First Muslim Hajj pilgrimage without COVID-19 restrictions begins

Thousands of Muslim pilgrims have started the Hajj pilgrimage in Saudi Arabia, the first without any restrictions since the outbreak of the COVID-19 pandemic in 2020.

According to official figures, up to  1.6 million people arrived from abroad alone, while two million pilgrims are expected in total.

The pandemic forced a downsising of the annual event for three consecutive years.

In 2020, only a few thousand residents in the kingdom performed the Hajj under strict social distancing measures, and in 2021, around 60,000 residents took part.

Last year, up to one million pilgrims performed the Hajj after it was opened again for Muslims abroad.

Before the pandemic, around 2.5 million Muslims from all over the world usually gathered every year for Islam’s largest congregation in the holy city of Mecca.

The Hajj, one of Islam’s five pillars, is a mandatory duty for all Muslims once in a lifetime if they possess enough financial resources and are physically capable of undertaking the journey.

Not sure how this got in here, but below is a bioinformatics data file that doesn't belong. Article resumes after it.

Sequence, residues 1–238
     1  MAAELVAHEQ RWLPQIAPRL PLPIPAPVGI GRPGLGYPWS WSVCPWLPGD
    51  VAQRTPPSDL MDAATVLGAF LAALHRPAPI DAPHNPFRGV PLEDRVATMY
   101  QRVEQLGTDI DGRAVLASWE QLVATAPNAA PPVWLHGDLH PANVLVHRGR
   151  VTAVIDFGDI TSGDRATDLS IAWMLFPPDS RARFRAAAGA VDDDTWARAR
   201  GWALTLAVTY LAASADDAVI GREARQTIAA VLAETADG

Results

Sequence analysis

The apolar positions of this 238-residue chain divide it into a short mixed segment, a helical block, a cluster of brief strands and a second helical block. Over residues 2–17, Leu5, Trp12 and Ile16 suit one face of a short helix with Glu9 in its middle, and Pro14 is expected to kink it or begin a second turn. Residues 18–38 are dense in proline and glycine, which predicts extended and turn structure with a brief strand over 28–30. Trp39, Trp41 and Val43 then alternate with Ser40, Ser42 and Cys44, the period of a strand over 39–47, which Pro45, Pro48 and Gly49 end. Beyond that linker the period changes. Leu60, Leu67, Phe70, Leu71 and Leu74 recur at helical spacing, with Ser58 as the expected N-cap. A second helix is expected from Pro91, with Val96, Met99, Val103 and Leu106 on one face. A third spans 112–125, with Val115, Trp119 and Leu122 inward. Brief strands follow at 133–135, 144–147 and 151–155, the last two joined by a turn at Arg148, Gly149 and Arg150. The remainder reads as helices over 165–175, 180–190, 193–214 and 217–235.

This takes place annually from the eighth to the 12th day of Dhu al-Hijjah, the last month of the Islamic lunar calendar.

The peak of the pilgrimage will be on Tuesday, when pilgrims gather on the holy Mount Arafat, around 20 kilometres east of Mecca.

Pilgrims stayed there until sunset in worship, praying and recitation of the Holy Koran.

Wednesday marks the start of the Muslim Eid al-Adha festival in Saudi Arabia and many other countries.


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